I don't have the schematics for the L166 or L212 networks, but would like to see them. Rolloff rate/slope shouldn't affect transducer polarity, but may have influenced network wiring design.

My grab is that in the L166 and L212 the networks are wired different (and the woofer might be positive, unless it's an LE-series, in which case it is almost surely negative). Regardless, it is the network wiring that determines cabinet polarity.

I'll yank the 066 out tonight, redo and confirm the tests. I did the tests last nite on the cabinet, and since I've switched the polarities/phasing in the cabinet, I cannot recall with certainty which way the dang 066 is now wired (although it is now running positive as is the LE10H)!

"stay tuned..."

boputnam
04-22-2003, 10:12 AM
I've checked some notes I have with me, and comparing with the 3113B schematic, the 066 would be negative, as Giskard posted.

Negative transducer cross-wired gives positive result.

4313B
04-22-2003, 10:13 AM
Positive voltage to the red/female post on the LE10, LE5, and 066 causes the cone/dome to move in. No networks, just raw transducers. These are all what you call "negative" polarity transducers.

In the 4313B the LE10 is wired "in phase" so the cone would move in, the LE5 and 066 are wired "out of phase" so their cones/domes would move out. The 4313B network employs a 6 dB/octave filter between the LE10 and LE5 and a 12 dB/octave filter between the LE5 and 066.

In the L166 and L212 the LF is wired "in phase" so the cone would move in. The LE5 is wired "out of phase" so the cone will move out. The 066 is wired "in phase" so the dome will move in. 6 dB/octave filters are used throughout.

"If the 066 is indeed negative, it is cross-wired and therefore running positive - opposite the LE10H, and not the common phasing for 3-way enclosures."

"Rolloff rate/slope shouldn't affect transducer polarity."

The filter slopes determine what phase, or polarity, will be used. I've never heard of anything called "common phasing for 3-way enclosures".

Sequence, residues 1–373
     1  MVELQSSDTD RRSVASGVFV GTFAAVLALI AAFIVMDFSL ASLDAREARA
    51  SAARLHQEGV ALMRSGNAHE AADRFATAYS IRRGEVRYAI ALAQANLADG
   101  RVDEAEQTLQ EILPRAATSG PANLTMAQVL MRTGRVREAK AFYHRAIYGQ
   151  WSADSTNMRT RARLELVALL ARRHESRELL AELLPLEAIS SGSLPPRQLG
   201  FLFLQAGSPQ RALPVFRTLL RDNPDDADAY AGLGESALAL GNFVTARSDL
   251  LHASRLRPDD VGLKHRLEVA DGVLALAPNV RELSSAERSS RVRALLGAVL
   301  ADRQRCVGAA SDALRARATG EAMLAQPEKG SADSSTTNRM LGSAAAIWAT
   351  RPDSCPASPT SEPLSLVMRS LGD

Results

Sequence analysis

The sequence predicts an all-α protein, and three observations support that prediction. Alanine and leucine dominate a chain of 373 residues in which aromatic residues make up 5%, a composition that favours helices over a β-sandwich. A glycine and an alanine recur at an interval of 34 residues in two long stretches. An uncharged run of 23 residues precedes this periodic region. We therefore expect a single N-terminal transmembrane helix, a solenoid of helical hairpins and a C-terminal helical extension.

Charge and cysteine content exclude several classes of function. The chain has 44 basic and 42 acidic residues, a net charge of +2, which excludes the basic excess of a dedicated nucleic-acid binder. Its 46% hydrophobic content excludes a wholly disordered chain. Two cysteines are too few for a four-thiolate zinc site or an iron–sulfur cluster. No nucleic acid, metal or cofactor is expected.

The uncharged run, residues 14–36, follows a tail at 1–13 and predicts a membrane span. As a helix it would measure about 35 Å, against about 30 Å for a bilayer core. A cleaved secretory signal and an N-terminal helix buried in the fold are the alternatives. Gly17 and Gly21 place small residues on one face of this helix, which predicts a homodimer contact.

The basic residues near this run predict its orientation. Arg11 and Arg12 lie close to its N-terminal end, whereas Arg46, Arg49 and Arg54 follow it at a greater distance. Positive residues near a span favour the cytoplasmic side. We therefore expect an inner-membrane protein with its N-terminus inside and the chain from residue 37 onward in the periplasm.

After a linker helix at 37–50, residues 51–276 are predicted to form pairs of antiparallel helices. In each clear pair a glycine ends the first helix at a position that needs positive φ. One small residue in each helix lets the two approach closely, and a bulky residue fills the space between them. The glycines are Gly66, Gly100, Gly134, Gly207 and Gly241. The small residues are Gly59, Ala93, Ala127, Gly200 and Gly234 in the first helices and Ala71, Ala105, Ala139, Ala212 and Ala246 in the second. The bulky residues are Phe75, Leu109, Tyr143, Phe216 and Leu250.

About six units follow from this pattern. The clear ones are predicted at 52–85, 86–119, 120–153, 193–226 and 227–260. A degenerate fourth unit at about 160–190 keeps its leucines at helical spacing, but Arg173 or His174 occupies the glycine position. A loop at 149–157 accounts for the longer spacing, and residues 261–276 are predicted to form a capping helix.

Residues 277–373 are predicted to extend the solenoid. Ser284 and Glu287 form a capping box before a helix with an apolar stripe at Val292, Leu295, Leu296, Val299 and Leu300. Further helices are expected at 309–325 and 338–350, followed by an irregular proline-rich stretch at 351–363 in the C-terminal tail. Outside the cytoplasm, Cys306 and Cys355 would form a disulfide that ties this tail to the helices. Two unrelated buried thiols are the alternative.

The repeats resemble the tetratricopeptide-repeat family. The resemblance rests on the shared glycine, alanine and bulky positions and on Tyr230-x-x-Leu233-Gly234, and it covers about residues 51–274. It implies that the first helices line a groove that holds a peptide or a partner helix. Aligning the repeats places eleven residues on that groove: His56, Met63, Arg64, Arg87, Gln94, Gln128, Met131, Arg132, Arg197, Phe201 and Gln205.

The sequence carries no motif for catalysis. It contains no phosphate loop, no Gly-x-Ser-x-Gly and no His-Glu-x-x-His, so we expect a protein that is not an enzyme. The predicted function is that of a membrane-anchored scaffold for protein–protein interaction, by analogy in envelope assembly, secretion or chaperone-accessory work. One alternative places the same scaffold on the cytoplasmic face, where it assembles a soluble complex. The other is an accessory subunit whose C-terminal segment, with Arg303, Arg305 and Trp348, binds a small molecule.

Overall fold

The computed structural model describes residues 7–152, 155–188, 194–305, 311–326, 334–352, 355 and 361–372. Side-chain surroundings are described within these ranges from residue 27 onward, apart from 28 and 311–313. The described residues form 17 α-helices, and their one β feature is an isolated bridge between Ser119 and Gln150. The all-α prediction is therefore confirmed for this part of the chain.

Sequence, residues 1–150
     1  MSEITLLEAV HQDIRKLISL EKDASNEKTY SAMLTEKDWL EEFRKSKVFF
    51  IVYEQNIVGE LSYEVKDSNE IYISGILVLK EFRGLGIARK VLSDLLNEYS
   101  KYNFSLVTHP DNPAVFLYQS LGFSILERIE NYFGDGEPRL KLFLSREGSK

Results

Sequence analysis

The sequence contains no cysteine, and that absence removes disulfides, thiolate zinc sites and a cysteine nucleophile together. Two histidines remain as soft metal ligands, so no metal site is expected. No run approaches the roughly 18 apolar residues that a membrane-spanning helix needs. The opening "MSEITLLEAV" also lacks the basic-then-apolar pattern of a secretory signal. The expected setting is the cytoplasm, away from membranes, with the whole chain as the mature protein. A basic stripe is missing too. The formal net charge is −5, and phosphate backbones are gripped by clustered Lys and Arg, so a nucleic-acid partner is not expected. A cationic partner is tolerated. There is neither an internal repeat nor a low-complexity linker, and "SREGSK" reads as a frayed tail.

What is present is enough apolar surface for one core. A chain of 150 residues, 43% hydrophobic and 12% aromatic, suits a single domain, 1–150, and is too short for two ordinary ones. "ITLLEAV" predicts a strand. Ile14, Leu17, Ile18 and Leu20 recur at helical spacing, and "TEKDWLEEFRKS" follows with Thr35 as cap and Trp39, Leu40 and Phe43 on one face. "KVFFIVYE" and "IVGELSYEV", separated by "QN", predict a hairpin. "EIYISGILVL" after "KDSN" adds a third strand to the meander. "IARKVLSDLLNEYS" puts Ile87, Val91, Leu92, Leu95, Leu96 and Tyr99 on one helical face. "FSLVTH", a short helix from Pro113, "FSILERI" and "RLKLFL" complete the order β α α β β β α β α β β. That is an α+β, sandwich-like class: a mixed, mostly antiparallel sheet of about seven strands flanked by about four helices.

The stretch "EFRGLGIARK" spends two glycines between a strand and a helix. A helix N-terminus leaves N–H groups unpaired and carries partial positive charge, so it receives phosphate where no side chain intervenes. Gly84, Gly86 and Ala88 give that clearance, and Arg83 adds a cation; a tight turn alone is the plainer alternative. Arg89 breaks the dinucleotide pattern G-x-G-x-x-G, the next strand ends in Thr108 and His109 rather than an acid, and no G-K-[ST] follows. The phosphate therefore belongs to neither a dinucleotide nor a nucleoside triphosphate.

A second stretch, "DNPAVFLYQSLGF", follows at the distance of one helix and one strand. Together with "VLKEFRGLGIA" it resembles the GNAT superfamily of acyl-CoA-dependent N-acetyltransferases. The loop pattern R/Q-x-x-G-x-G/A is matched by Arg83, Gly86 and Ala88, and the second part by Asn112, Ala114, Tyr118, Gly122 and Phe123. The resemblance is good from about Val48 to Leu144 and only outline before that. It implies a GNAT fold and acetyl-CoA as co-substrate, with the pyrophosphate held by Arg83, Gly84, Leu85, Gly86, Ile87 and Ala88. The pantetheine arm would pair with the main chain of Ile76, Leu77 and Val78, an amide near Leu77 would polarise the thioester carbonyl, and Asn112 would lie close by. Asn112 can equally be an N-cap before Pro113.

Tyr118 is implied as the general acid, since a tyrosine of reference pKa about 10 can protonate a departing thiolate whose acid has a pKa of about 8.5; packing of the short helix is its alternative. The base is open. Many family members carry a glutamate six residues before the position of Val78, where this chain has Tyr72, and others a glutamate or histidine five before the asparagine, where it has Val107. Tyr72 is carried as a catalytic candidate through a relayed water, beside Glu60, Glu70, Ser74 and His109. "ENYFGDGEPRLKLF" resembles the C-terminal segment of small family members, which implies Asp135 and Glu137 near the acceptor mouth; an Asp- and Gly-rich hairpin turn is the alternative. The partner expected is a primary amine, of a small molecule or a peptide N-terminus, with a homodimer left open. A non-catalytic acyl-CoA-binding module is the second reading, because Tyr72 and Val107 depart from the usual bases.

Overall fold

"I'll yank the 066 out tonight, redo and confirm the tests."

Cool, it sould be interesting. All my 066's behave according to the JBL convention, which is opposite the tragically mixed up and terribly confused "Industry". :p

We all know black is positive and anything else is negative. I personally found that out when I was 5 and touched the exposed black lead of a wall outlet while grounded. YEAH BABY!!!:p

4313B
04-22-2003, 10:16 AM
Wow, you beat my post by a minute. I keep timing out and getting disconnected while writing posts. Thank goodness for Ctrl-A, Ctrl-C and Ctrl-V.....

boputnam
04-22-2003, 10:35 AM
Thanks for all that - it confirms the compilation I offered starting this thread. Then, I was pretty confused about it all and had some re-phasing to do - QUICKLY!

You raise a question on phasing: Does a steeper slope (12 dB/octave) always pre-determine the transducers be out-of-phase?

And, the 3-way "convention" was something I was "told" and which had been born-out by most of the 3-way enclosures I tested. But, I'm gettin' smarter...

Mr. Widget
04-22-2003, 10:45 AM
"I personally found that out when I was 5 and touched the exposed black lead of a wall outlet while grounded. YEAH BABY!!!"

Thanks for posting this, it explains so much:D

4313B
04-22-2003, 10:47 AM
No doubt!!!

Glad I could clear things up Mr. Widget...

"You raise a question on phasing: Does a steeper slope (12 dB/octave) always pre-determine the transducers be out-of-phase?"

Often but not always boputnam... there's the 120Ti for instance, all transducers are "negative", all the slopes appear to be 12 dB/octave, yet all the transducers are wired "in phase" hence all their cones/domes would move in.